Ok, I’m not going to lie, my Saturday night has not been just work – I have been monitoring the English Premier League – like any football fan would be. Anyway, with that omission out of the way – what have I been doing?
Well the GMRT has a telescope controller, there is no way you could use this machine without considerable training, who you basically give a command file that has all the instructions on what the telescope should do during your observing run. So the first thing, obviously before the observing slot, you produce this command file. In radio astronomy you have to have a bunch of calibrators of known structure and power (flux). Basically you start off with the flux one and use this as the scale for the rest of the observations. You then use a close by source (to your actually object) as your secondary calibrator (phase). Basically you let the telescope go and do its thing, obviously there is a lot more to this but we would get a bit technical. The other thing that is important is you choose the frequency to observe at – tonight I’m observing at 1.28GHz. You might wonder why – well this frequency relates to frequency of the emission of the object and is based on a calculation for particle in the magnetic field of the object.
So once the observation begins what do you “see” obviously in radio you just get voltage signals – and yep thats what you can “see” – you can get a plot of the antenna amplitudes:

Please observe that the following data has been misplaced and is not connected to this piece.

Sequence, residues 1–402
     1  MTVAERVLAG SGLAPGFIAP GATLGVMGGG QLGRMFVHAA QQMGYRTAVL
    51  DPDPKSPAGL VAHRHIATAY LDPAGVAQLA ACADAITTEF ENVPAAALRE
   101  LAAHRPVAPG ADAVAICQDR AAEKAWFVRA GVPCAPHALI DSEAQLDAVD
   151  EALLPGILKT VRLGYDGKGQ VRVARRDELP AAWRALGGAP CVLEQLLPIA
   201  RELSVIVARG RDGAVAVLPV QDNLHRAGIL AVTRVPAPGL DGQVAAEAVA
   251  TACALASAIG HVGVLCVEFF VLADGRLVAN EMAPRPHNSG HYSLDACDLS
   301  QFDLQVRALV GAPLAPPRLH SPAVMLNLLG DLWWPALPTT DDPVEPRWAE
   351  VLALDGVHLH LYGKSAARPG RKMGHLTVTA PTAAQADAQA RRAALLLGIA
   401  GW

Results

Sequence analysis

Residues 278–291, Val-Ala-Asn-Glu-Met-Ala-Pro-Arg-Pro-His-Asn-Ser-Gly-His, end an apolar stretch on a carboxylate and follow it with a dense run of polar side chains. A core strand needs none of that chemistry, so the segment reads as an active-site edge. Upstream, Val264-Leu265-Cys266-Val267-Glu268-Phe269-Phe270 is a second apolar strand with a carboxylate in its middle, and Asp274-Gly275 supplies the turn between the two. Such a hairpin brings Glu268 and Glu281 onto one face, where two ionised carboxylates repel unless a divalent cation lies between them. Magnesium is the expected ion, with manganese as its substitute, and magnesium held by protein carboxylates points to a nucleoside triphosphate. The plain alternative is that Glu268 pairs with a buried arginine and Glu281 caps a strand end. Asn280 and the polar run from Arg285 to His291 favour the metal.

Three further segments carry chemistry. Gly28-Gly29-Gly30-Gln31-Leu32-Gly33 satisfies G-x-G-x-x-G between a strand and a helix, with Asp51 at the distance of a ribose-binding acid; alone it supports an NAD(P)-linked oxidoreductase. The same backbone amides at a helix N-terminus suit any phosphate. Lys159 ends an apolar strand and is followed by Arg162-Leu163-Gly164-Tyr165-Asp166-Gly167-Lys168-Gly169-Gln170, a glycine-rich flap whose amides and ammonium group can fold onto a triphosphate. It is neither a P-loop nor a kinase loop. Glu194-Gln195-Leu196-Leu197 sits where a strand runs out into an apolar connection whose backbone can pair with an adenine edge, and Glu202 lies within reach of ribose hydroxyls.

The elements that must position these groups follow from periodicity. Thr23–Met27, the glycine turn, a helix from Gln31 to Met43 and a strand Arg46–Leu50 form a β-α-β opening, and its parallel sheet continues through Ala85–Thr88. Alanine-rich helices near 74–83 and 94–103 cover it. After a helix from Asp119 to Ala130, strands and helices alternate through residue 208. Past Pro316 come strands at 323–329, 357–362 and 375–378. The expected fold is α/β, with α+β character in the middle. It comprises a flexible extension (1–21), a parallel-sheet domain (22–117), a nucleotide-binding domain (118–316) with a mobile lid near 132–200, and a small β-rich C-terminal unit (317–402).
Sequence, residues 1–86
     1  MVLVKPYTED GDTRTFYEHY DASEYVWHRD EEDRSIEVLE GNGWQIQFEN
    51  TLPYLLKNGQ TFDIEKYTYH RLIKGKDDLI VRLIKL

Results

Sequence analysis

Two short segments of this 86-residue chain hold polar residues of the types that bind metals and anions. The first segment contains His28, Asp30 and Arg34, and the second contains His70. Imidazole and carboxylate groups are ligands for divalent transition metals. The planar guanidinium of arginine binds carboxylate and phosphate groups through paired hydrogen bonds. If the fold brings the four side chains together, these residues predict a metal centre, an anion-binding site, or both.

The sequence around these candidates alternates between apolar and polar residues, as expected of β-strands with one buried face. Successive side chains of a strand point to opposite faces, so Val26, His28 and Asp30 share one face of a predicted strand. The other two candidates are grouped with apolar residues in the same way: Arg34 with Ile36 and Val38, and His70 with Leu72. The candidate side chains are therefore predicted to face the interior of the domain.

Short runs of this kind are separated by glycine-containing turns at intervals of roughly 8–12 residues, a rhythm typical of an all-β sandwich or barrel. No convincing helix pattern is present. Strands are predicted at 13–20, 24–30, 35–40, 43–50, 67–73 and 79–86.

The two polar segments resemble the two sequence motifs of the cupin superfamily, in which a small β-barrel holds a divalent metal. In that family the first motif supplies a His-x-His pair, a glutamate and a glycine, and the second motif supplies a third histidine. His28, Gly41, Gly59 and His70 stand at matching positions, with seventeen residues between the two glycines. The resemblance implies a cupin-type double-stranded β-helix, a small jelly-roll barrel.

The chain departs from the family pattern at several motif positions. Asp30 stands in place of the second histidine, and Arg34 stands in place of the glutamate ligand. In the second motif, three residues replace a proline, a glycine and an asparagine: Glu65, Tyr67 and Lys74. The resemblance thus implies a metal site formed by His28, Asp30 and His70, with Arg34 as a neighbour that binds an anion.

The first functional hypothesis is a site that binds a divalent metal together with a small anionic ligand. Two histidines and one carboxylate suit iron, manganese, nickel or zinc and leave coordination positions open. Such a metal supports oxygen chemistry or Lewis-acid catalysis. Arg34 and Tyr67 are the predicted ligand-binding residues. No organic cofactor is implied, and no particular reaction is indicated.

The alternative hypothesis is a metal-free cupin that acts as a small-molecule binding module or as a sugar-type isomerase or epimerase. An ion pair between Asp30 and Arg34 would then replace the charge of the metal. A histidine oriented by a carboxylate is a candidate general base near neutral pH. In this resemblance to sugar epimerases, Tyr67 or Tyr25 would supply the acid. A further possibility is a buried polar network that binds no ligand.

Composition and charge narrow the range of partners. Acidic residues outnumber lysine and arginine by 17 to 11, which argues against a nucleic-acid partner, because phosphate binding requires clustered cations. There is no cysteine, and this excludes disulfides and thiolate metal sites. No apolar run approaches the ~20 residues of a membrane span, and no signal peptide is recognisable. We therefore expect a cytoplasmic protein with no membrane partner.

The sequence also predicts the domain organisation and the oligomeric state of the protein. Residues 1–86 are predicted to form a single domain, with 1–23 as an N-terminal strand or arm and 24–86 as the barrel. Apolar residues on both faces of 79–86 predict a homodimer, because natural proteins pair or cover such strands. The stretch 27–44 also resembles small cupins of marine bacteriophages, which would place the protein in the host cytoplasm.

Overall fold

and yep I have been watching this all night… well not all the time, just occasionally to make sure nothing goes wrong! I won’t actually have a proper “image” until I have analyzed the data in a package and that will take a while – it is also a story for another time.
I hope this has given you a better insight into my geeky evening and what you do at a radio telescope… if you ever wanted to know that is!
I took a short walk earlier, well I was going to take a longer walk but it was too hot! As I approached the first antenna realizing that I realistically couldn’t stand being in the Sun for too much longer I came across a sight that made me feel a bit lame..
yep thats people climbing all over the antenna working on it!! (ed: turns out after asking the controllers tonight that they were painting it!)
I decided that I should take a photo of me with a dish behind me, this is something else I reckon you should do wherever you go observing..
.. oh and continuing the flower theme.. (I think I will be running out of flowers tomorrow so it might become plants)
I woke this morning feeling a lot more relaxed, well sort of, I’m pleased the first observations appear to have been successful and I’m definitely more relaxed about that. The problem is my internal clock. I went to bed around 11:30pm last night (which is 6pm in the UK) and though I was absolutely exhausted I could not manage more than 2 hours… I finally managed to go to sleep at 6am, which is close to my time of going to bed in the UK. ARGH! I can only hope that today’s long observations really knacker me out and I sleep – but then I’m going to only have 4 hours to the start of my next observation!
Oh and I took a few more shots of the sunset last night… its a spectacular view.